Clinton and Nydia were already waiting beside the arch.  Lindy watched as a group of refugees approached them, and there was the now familiar shimmer in the arch, and the platform was empty once more.  Clinton looked up and motioned for Lindy to join him, but everything felt wrong.  She knew that it made perfect sense to send everyone away to safer places and to destroy the arch before Khurshid could use it, but she could not bring herself to believe that there was no other way.  If only she could speak to Alisdair or Amena or Penates, or even The Crofts, anyone who might help her know what to do.

“Hello, Lindy,” Clinton said, “would you help Nydia organize those who are leaving?”

“Yes,” called Nydia, “I could really use your help.”

There was nothing so very upsetting about what Clinton and Nydia had said, and Lindy knew that they probably intended only to make her feel useful and included, but for some reason it made her furious, and being furious over something so unreasonable made her even more furious, but it only took her a moment to realize that she was really only angry with herself for not having done what she knew she needed to do.  She had been so caught up in everyone being so kind and not blaming her for what had happened that she had forgotten why she had come back in the first place.  Whatever anyone else said, and however much she wanted to believe them, Lindy knew that this whole situation was her own fault, and she knew also that she needed to face up to it, and that meant going to apologize to The Crofts, however hard it might be.

“No!” she said, quite sharply, more sharply than she intended.   Nydia looked surprised at her tone.  “I mean, I’m sorry, I know you’re just trying to include me,” she said, “but there’s something I need to do.”

Lindy suddenly felt much better, and she realized just how much she had been dreading her meeting with The Crofts, and how much she had been trying to avoid it, and how guilty she had been feeling for not being brave enough to do it after she had come all this way.

She turned toward the house, along the same path where Clinton and Moe had led her when she had first arrived.  The grass was much more trampled that it had been then, and there were now many voices to break the stillness that she had felt that morning, but there was still something mysterious and unnerving about that walk, as though it would never end in the same place or in the same way twice, and when she reached the door of the house, it seemed like more than just an ordinary door to her.  It seemed like a door that might lead anywhere, like the wardrobe in The Lion, the Witch, and the Wardrobe or like the mirror in Lilith or like the arms of the angel in The Garden Behind the Moon.  “If I go through that door,” she thought, “anything might happen,” but then she remembered that going through the arch and climbing the long stairway and crossing the bridge had been much the same, and she felt a little better, so she reached for the handle.

As soon as she touched it, The Crofts filled every bit of her like an electric shock.  She was frozen, unable either to open the door or to take her hand away.

“How dare you come back here?” the house roared through her mind.  “You have destroyed me, and now you come to my door and ask my hospitality!”  Lindy felt her body shaking with the house’s rage.  “You are a liar,” it cried, “a liar and a traitor and a fool! And I was the greater fool for trusting you.”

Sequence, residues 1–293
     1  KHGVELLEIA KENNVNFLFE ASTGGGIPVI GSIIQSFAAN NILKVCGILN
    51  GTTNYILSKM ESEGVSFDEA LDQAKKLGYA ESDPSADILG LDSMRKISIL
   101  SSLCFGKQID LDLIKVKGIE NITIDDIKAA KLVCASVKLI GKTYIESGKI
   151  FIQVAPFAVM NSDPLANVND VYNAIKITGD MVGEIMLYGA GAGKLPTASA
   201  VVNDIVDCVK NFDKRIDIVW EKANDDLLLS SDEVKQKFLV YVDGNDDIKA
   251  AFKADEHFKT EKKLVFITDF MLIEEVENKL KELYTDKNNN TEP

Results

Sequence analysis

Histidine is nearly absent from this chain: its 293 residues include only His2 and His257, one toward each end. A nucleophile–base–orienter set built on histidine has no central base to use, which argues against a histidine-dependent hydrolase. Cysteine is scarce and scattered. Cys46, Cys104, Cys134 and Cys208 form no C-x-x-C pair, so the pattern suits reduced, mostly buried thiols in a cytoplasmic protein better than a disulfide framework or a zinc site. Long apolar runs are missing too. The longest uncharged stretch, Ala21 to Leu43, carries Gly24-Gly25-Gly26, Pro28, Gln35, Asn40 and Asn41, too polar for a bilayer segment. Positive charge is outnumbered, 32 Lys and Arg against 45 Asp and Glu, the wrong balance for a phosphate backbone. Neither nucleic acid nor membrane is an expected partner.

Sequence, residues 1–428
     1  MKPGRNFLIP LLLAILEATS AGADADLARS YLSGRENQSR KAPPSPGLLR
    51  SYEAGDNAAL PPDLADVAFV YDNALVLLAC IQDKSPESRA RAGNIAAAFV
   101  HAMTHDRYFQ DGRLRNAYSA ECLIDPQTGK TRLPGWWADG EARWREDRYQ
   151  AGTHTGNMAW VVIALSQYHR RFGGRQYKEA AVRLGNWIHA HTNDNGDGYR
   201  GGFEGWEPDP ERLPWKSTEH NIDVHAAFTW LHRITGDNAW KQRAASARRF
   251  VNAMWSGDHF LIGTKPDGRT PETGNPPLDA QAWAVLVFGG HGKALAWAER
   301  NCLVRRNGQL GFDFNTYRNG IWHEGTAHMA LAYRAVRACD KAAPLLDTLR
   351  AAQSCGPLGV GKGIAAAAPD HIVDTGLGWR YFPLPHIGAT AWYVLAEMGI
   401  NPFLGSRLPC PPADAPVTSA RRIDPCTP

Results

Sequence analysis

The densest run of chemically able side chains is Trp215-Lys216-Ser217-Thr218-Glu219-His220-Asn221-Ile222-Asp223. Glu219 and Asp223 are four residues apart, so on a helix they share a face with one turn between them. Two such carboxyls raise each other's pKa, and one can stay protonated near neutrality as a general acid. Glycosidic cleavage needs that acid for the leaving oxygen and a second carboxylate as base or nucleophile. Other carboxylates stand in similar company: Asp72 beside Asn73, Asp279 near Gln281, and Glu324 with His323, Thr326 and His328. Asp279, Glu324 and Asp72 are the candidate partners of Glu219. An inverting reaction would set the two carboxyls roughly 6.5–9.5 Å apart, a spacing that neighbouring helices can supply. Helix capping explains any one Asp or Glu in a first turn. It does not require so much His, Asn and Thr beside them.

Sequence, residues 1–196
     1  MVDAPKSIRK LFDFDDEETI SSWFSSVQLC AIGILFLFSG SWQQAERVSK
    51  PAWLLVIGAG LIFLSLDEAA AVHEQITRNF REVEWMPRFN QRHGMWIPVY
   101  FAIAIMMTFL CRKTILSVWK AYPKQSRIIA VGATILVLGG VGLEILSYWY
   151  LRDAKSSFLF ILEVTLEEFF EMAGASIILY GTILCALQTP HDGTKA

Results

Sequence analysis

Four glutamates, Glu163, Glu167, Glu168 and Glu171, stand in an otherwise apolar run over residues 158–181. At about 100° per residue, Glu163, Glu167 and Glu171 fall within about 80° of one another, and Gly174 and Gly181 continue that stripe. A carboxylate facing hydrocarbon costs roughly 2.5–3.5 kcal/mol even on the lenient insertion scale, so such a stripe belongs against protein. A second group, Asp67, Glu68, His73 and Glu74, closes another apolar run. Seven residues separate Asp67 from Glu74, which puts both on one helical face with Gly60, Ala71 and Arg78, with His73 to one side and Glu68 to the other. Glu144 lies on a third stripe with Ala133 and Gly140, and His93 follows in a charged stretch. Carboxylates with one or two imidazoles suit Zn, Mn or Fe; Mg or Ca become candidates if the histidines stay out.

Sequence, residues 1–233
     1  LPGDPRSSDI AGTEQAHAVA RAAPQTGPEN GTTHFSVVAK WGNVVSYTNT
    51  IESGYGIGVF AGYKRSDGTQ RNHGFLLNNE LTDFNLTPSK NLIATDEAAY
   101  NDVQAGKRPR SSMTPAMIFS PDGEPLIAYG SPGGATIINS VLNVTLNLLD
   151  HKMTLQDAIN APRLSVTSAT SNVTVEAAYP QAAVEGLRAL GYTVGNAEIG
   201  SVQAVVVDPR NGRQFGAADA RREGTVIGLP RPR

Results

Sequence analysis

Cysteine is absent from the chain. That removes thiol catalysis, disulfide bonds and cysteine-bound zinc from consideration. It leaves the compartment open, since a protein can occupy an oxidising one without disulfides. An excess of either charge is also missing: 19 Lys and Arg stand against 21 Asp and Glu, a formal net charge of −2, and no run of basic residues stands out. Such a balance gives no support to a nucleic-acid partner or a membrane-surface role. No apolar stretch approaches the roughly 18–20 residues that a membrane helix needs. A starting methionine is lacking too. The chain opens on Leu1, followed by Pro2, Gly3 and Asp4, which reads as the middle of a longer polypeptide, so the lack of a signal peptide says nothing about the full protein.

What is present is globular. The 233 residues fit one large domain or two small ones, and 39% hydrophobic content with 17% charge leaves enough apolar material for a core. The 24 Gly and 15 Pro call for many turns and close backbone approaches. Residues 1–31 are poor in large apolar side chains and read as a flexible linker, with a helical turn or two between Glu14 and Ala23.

Lindy tried desperately to focus her mind on calming The Crofts as she had done before, but the emotion of the house overwhelmed her.  She could not even find the strength to speak, and her mind was overrun by emotions and images that were not her own.  She saw the cottages of The Crofts ablaze, and she saw its doors torn from their hinges, and she saw its towers tumbling in ruin.”

“You brought this on me!” the house screamed.  “You gave the last crown to him, and now he’s coming, and I’m ruined.  Look!  Look at what you’ve done.”

All Lindy could see was fire and smoke and darkness and falling rubble.  She had a glimpse of the library with its books torn and scattered, fire licking at the doorframes.  She saw the long table in the great hall smashed into kindling for a bonfire that rose almost to the vast ceiling.  She saw her own cubby with her things broken and scattered and her window smashed.  And then she Penates, sitting on his hearth and weeping into his hands.

“Please,” Lindy managed, “I’m sorry.”

“Sorry?” raged the house. “And what good are apologies now?  Will they keep me from ruin?”

“They won’t, I know.  I don’t think anything will.  But I really am sorry.  Really.  I did what I thought I should, but everything went wrong, and I’m sorry.  You were right.  I just wasn’t strong enough.”

Suddenly the house’s rage became sorrow, and the change shocked Lindy’s mind all over again.  She found herself crying with great sobs, and she would have fallen to the ground if her hand had not been fixed so firmly to the handle of the door.  There flamed through her mind images of countless people, one after the other.  She recognized none of them, but she knew that they were Keepers and other residents of The Crofts from across the years.  She saw people walking among the cottages and looking out from windows.  She saw people feasting in the great hall and eating in the kitchens and watching plays in the theatre and reading in the library and doing all the other things that people had done as they lived in The Crofts and made it a home.  With each face that flickered through her mind, Lindy could feel the house’s sadness, as if it was looking through photographs of old friends who had died, knowing that there would never be any more such friends, and she felt as though she might drown in the house’s sorrow.